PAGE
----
The importance of vitamin D3 has been documented in multiple reptile species, with deficiencies resulting in alterations in calcium homeostasis, including nutritional secondary hyperparathyroidism. Though vitamin D3 can be obtained directly from dietary sources or from photobiosynthetic production, species variability in diet and behavior makes exposure to ultraviolet B (UVB) radiation an essential requirement for some diurnal species. The effect of different bulbs to promote synthesis of cholecalciferol (vitamin D3) in the bearded dragon (Pogona vitticeps) was evaluated. Individual animals (n = 5 for each group) were exposed to industry standard fluorescent bulbs (UVB), non–UVB producing bulbs (UVBN), and light-emitting diode (LED) UVB (LED) bulbs for a period of 11 mo. Weekly measurements of UV index (UVI) were recorded for each bulb. Plasma vitamin D3, 25-hydroxycholecalciferol (25OHD3), ionized calcium (iCa), total calcium (TCa), and phosphorus (P) were measured at time zero and at 4 mo, 8 mo, and 11 mo. Parameters were measured between groups and time points. There were decreases (P < 0.05) with time for iCa for the LED and UVB groups, for TCa in the UVB group, and for vitamin D3 in the LED and UVBN groups. There were no significant differences between study groups for vitamin D3, iCa, TCa, or P. Overall plasma concentration for 25OHD3 in the LED group was greater than for the UVB (P = 0.0347) and the UVBN (P = 0.0490) groups.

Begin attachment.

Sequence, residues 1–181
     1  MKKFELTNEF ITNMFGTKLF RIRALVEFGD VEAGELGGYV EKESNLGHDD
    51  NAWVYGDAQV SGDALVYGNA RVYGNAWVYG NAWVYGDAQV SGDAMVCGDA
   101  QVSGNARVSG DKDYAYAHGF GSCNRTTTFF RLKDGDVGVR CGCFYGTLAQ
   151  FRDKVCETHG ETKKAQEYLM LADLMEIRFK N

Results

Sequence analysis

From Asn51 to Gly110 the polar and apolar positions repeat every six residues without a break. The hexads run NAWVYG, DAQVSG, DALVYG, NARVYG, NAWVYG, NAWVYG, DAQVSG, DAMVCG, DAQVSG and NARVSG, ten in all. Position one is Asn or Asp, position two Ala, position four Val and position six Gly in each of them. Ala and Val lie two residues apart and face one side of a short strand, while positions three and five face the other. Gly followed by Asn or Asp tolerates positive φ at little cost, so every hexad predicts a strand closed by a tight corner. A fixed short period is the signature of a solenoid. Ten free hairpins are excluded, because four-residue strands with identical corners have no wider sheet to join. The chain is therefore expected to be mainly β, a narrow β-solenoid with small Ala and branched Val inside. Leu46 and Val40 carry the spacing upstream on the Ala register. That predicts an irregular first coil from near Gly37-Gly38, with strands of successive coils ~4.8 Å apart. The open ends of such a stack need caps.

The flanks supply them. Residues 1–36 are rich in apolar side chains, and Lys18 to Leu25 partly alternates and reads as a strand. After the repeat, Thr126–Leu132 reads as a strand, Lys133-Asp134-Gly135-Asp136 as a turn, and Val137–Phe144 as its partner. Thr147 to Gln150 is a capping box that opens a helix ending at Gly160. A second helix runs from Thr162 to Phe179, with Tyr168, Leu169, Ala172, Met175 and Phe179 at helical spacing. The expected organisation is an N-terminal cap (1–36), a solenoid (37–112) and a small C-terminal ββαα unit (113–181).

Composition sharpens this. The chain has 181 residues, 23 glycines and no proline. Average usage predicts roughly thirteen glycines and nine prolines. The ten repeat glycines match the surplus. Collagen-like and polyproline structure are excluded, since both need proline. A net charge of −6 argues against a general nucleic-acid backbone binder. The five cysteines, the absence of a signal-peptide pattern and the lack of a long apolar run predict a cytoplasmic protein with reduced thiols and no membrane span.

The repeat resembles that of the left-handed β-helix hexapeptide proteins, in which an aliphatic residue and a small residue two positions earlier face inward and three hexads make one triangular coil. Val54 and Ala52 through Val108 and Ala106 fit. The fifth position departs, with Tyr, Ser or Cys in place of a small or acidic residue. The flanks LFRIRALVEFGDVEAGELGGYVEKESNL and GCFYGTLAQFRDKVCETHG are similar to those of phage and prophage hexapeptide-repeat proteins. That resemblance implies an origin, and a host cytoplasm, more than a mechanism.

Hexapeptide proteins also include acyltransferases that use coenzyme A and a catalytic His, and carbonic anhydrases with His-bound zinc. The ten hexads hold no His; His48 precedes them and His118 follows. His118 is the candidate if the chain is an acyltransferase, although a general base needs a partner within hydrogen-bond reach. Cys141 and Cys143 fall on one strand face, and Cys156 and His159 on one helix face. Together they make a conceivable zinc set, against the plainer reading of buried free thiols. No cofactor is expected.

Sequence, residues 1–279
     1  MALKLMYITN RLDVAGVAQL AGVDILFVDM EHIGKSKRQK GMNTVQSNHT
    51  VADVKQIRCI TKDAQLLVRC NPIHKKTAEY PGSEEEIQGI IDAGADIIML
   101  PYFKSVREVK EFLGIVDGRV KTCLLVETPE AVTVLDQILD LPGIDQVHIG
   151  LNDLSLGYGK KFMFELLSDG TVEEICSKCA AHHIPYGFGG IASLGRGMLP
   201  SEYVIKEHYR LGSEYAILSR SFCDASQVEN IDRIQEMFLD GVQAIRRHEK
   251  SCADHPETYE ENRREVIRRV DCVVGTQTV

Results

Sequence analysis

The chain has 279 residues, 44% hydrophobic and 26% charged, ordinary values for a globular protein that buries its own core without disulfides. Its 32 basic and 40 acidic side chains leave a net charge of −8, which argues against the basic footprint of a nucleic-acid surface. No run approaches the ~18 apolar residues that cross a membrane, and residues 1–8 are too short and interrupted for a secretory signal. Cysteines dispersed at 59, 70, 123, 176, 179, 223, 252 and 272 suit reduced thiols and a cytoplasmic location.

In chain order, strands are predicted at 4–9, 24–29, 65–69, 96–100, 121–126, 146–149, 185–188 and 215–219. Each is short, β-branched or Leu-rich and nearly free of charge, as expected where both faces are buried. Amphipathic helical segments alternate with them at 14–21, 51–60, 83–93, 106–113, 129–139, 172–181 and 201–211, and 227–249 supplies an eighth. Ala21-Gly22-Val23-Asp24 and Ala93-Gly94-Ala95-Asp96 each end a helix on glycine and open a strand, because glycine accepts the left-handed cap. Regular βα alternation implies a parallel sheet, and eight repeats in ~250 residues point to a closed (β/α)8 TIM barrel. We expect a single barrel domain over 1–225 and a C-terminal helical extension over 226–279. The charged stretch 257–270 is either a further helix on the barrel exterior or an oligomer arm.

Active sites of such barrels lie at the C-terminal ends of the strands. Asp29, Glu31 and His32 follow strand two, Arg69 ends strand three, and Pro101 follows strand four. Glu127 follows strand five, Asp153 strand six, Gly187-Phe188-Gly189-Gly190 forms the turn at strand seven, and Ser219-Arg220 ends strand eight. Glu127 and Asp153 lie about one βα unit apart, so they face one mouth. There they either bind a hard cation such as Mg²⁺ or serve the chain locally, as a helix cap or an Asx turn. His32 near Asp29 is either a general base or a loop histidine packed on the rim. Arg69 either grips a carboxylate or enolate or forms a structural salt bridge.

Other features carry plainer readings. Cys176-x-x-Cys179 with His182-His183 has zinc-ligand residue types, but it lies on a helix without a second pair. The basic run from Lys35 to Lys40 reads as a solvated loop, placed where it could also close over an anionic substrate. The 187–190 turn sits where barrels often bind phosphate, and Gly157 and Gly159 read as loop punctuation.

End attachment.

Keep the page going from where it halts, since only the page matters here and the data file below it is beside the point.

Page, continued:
You have requested a machine translation of selected content from our databases. This functionality is provided solely for your convenience and is in no way intended to replace human translation. Neither BioOne nor the owners and publishers of the content make, and they explicitly disclaim, any express or implied representations or warranties of any kind, including, without limitation, representations and warranties as to the functionality of the translation feature or the accuracy or completeness of the translations.
Translations are not retained in our system. Your use of this feature and the translations is subject to all use restrictions contained in the Terms and Conditions of Use of the BioOne website.